See, my immediate family and most of my friends know I'm an atheist, none of my extended family or my boyfriend's family do. Though the cat was almost let out of the bag a few months back during a family gathering celebrating my grandma's 92nd birthday. I was dead tired and coming straight from work, when two of my aunts (one of whom is a minister), questioned what freethinker meant after seeing a picture of me and a few other members in the local paper standing in front of our Adopt-A-Road sign. I didn't want to get into anything since we were all at a restaurant, so I managed to deflect the question. But sooner or later, it's gonna come to a head.
I've gained a lot since starting this group. I've met some really fascinating people, been exposed to new experiences and felt the rush of helping to create the community I've dreamed of. But what will I lose? How will this effect my personal relationships? How will it affect my professional life, where I'm not out in the slightest? I hate to type it, but even my personal safety? No one can really answer these things for me of course; but am I comforted that if a shitstorm does kick off, I have like-minded people around me to help hold up the umbrella.
In the midst of all this, there has been the music. Part of the reason for my sporadic posting has been because I've become a complete studio rat, knob twiddling and fussing over tracks. And to quote Weezy, I love it. I fucking love it. Some days I walk into the studio exhausted (overnight job + being on a music co-op scheduled = you put it together), stressed, or with no ideas in the tank. Whenever I sit down in front of a keyboard and a computer though, something happens. I don't know how, but I always get something out of something. I love creating. I believe it is the closet thing to magic we have as human beings. Moreover, like the freethought group, pursuing music has led to meeting other musicians and artists, and being able to relate to other people on that level is filling up the hole created when I left the church and music ministry.
That said, while the artistic side of creating music has been fulfilling, the commercial side--i.e., the coins--has been so less so. Currently I'm still saving up money to buy DJ equipment, so putting on a live set is off the table for the time being. And promoting Bougie Beats, my first EP, was like pushing a boulder up a hill, in part because I didn't know what the hell I was doing. E-mails (and follow up e-mails) to blogs went with no response, pressing the flesh on social media for followers was a battle, and getting plays and downloads was like a slow molasses drip.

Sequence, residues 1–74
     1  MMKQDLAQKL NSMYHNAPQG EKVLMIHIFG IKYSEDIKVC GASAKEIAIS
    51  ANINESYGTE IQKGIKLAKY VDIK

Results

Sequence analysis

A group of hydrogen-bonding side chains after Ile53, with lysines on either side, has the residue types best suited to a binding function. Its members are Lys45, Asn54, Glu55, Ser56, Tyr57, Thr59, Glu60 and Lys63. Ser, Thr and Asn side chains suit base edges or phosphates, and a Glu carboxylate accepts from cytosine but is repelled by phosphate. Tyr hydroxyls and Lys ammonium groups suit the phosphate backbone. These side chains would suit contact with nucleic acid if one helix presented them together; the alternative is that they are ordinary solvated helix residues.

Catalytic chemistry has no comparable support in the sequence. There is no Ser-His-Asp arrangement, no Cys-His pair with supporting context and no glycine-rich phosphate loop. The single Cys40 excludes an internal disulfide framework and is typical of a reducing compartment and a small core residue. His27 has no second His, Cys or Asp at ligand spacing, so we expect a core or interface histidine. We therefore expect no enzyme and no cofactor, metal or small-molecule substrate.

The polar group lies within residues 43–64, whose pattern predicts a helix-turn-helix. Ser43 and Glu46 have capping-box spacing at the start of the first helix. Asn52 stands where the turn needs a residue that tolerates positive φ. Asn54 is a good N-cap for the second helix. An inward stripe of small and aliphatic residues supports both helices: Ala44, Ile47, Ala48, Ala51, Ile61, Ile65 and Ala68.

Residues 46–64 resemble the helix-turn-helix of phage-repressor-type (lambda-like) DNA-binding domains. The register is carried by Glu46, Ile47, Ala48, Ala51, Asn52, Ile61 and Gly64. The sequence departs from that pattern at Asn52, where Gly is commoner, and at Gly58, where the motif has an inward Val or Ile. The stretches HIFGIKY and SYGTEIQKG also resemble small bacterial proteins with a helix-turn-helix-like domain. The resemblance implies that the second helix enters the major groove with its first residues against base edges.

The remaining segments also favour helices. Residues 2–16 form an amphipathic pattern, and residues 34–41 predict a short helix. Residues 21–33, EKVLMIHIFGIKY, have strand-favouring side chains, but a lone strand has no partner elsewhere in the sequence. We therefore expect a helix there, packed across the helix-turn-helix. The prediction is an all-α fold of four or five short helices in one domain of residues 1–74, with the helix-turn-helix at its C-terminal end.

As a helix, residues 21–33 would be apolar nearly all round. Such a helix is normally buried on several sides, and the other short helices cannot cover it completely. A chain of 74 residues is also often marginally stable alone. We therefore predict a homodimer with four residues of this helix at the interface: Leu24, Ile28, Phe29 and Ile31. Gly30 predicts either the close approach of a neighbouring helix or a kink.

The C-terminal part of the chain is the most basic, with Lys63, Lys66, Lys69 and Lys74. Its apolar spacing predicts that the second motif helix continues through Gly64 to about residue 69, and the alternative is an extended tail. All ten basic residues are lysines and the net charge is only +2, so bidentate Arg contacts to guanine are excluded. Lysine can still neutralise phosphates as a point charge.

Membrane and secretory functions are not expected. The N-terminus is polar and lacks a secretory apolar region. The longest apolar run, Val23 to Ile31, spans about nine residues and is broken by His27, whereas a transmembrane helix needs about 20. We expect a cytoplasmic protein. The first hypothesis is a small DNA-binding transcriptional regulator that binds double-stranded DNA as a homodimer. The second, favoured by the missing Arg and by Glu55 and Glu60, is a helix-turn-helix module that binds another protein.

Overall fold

However, after realizing it takes money to make money--I can be a bit of a cheap skate--I know now I need to approach this as a business if I want to it be a career. With that in mind, I made it a point to attend workshops offered at the co-op and am applying them to my latest album, Bougie Beats - The Remixes (online at Soundcloud, Bandcamp and Spotify now!). And I am seeing the results--not Billboard Hot 100 territory mind you, but several tracks from the album have racked up thousands of hits online, and have been featured on a few music sites.
Rather than compare my creative pursuit to pushing a boulder up a hill, I instead want to think of it as a determined, focused journey, one that leads to the ultimate goal of making and performing music (and writing fiction--haven't forgot about that!) a full-time thing. A long, slow build rather than a sprint.
A public arts high school in San Francisco is introducing an LGBT history course to its curriculum.
The course, a college prep class, will be a part of other studies on minority groups, and will cover topics such as the Stonewall riots, "Don't Ask, Don't Tell," marriage equality and the current struggle against discrimination.
‘‘This is history. This is an experience that happened,’’ Ruth Asawa School of the Arts instructor Lyndsey Schlax recently told the San Francisco Chronicle. ‘‘How can we not teach history? That’s what we do.’’